Corporate income tax revenues continued their increase since 2014, rising to 9.3% of total tax revenues across the OECD in 2017. This is the first time corporate income tax revenues have exceeded 9% of total tax revenues since 2008.

In contrast, the share of social security contributions in total tax revenues continued the consistent decline seen in recent years, dropping to 26% in 2017, compared to 27% in 2009. Other tax types have not exhibited a clear trend in recent years.

This year’s report contains a Special Feature that reconciles data on environmentally related tax revenues in Revenue Statistics with the OECD Policy INstruments for the Environment (PINE) database. This exercise provides higher-quality data for policymakers and researchers in this important policy area.

The Special Feature shows that environmentally related tax revenues accounted for 6.9% of total tax revenues on average in OECD countries in 2017, ranging from 2.8% in the United States to 12.5% in Slovenia and Turkey. As a share of GDP, environmental taxes account for 2.3% on average, with country shares ranging from 0.7% in the United States to 4.5% in Slovenia. The largest share of ERTRs is derived from energy taxes, both on average and in nearly every OECD country, accounting for nearly three-quarters of ERTRs, according to the report.

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India: Step up reform efforts to increase quality jobs and incomes

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India is set for a modest recovery after a loss of momentum, as reforms to simplify taxation, lighten business regulations and upgrade infrastructure start to bear fruit. Further reforms to modernise the economy are now needed to drive the creation of high-quality jobs, as well as measures to improve public services and welfare, according to a new OECD report.

The latest OECD Economic Survey of India notes that while India has greatly expanded its participation in global trade in recent years, private investment remains relatively weak, the employment rate has declined amid a shortage of quality jobs, rural incomes are stagnating, and per-capita income varies considerably across states. 

“India is now well established as a growth champion and a major player in the global economy,” said OECD Chief Economist Laurence Boone, launching the Survey in New Delhi. “However, this slower pace of growth underlines the need to fully implement existing reforms and continue lowering barriers to trade to generate the investment and jobs India needs to raise living standards across the country.”

The Survey sees India’s GDP growth recovering to 6.2% in 2020 and 6.4% in 2021 after dipping to 5.8% in 2019 following several years of robust growth. Restoring growth to the higher levels needed to provide ample jobs and ease inequality will require accelerating the pace of structural reforms to revive investment and exports.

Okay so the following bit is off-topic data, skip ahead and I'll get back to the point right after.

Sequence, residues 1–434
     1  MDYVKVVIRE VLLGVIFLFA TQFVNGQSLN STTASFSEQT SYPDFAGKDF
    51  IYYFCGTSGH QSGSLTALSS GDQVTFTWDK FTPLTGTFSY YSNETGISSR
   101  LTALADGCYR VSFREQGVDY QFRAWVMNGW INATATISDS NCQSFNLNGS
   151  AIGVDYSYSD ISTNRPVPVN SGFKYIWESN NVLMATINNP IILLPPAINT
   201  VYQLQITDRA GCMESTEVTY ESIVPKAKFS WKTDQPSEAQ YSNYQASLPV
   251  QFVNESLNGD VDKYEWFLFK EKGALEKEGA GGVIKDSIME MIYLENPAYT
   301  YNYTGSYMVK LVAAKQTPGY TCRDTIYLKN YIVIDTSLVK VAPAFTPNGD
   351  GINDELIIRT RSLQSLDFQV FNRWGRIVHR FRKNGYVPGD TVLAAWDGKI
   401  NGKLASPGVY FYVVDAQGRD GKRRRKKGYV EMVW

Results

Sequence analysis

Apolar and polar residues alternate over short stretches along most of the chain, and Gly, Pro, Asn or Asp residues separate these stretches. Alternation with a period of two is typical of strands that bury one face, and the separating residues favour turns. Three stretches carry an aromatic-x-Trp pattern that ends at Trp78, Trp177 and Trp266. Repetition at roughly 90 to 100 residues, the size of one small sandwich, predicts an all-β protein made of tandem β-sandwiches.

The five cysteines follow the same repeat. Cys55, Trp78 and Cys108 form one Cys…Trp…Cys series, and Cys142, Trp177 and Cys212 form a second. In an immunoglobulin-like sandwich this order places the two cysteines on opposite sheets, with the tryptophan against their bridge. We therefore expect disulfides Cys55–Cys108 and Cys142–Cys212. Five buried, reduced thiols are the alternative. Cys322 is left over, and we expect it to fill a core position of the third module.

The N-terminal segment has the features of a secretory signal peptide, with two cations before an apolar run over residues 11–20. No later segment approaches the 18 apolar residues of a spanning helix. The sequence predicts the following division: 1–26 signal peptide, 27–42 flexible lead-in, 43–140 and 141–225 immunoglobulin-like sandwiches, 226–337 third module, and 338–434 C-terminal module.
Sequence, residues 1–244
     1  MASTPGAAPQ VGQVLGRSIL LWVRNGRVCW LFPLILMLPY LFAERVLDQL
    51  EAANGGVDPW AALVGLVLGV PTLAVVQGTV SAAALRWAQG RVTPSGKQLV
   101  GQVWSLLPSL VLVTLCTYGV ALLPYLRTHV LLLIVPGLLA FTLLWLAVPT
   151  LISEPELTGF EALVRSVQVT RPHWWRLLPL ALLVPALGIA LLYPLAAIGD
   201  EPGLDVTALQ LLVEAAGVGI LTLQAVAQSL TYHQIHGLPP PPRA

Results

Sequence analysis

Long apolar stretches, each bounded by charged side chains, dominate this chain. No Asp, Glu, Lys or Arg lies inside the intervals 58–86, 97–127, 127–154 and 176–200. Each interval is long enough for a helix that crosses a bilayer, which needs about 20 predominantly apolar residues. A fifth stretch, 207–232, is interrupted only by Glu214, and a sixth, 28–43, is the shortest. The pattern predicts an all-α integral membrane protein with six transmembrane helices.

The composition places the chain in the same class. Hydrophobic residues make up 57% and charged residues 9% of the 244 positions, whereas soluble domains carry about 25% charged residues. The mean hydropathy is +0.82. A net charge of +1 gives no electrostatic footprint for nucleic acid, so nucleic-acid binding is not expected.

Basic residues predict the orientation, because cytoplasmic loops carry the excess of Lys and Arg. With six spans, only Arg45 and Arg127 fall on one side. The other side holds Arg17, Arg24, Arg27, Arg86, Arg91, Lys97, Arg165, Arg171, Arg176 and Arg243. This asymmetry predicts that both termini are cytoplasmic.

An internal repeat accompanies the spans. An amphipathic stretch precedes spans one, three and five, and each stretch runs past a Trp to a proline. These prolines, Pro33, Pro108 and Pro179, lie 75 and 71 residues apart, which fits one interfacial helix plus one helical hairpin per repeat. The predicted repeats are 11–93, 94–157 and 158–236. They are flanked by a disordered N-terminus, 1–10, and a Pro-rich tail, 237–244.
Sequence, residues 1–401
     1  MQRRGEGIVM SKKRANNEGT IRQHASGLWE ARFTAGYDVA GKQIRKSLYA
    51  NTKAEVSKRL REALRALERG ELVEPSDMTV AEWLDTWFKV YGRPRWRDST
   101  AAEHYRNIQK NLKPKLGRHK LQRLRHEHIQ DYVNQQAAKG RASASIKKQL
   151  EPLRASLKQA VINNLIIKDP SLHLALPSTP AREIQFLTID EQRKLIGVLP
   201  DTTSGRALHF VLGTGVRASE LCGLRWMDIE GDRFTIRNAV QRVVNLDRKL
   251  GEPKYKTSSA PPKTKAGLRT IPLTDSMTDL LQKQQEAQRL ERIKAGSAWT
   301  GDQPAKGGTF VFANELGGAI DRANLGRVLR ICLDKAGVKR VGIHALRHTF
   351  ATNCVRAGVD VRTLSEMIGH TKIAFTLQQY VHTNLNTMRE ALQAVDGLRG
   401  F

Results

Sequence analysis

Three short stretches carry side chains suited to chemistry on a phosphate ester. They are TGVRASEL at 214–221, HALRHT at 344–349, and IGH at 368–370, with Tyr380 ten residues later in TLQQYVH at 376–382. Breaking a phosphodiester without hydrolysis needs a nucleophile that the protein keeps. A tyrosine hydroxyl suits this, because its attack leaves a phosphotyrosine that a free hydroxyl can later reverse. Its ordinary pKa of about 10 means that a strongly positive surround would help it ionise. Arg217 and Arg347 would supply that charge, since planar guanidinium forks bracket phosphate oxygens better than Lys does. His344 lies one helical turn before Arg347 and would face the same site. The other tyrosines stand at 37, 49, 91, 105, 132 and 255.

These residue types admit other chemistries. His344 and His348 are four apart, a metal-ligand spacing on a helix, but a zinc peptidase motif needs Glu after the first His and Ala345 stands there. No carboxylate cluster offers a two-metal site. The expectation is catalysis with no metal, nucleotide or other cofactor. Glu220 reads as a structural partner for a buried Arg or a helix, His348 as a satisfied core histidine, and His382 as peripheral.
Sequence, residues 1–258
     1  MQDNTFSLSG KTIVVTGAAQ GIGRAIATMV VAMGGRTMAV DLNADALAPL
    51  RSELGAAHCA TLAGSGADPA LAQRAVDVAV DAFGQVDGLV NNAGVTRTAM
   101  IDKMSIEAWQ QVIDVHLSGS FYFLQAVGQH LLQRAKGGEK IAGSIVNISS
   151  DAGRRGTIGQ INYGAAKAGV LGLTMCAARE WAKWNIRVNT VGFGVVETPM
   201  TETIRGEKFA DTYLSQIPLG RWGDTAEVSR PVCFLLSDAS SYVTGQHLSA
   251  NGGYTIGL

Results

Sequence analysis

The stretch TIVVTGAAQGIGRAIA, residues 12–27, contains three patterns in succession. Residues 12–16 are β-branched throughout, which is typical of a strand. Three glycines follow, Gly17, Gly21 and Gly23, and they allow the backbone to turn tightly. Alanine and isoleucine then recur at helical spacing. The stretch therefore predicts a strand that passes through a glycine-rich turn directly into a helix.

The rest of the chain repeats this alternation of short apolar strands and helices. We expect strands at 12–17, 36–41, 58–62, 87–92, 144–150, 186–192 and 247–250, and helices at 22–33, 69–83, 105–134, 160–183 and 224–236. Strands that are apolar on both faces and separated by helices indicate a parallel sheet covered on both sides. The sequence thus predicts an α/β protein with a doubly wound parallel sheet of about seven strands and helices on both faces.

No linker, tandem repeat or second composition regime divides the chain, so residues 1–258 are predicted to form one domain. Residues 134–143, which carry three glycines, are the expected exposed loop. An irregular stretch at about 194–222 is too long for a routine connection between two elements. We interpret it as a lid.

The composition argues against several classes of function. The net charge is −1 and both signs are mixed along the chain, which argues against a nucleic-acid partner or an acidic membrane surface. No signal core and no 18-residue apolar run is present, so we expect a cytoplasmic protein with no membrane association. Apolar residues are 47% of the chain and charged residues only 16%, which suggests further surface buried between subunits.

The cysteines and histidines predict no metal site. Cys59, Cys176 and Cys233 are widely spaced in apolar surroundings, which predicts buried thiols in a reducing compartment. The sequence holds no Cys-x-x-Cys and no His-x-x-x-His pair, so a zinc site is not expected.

Improving the health of the financial sector, where the share of non-performing loans has declined but remains high, will be key to supporting investment. The Survey recommends speeding up bankruptcy procedures and improving governance in the banking sector.  

India has ramped up its participation in international trade since slashing tariffs in the 1990s. Its share of global goods and services exports reached 2.1% in 2018, up from 0.5% in the early 1990s, thanks to a strong performance in sectors like information technology and pharmaceuticals. Addressing remaining infrastructure bottlenecks by modernising ports and adding roads will be key to boosting India’s competitiveness. Reducing restrictions to services trade imposed by trading partners and by India on imports would further boost trade in services, also giving a lift to manufacturing and the general economy. OECD estimates suggest India would be the biggest beneficiary of a multilateral cut in services trade restrictions. Even without a multilateral agreement, moving alone to overhaul regulations would have a positive impact.

While many millions of Indians have been lifted out of poverty in recent years, too many have no formal employment benefits and little access to finance. Doing more to simplify complex labour laws – many of which discourage hiring by becoming binding as firms grow above stated thresholds – would help raise the share of quality jobs demanded by a fast-growing and well-educated youth population in a country where the vast majority of employment is informal.

The government has made some headway improving access to electricity, drinking water and rural roads. Housing shortages, and poor access to basic amenities, remain acute, particularly in rural areas. Population growth and urbanisation will add to housing pressures already estimated to affect some 40 million households across the country. Developing the currently small rental market could help achieve a pledge to provide a house for all Indians by 2022. Finally, mobilising more revenue from property and personal income taxes could create the fiscal space to raise spending on health, education and social transfers.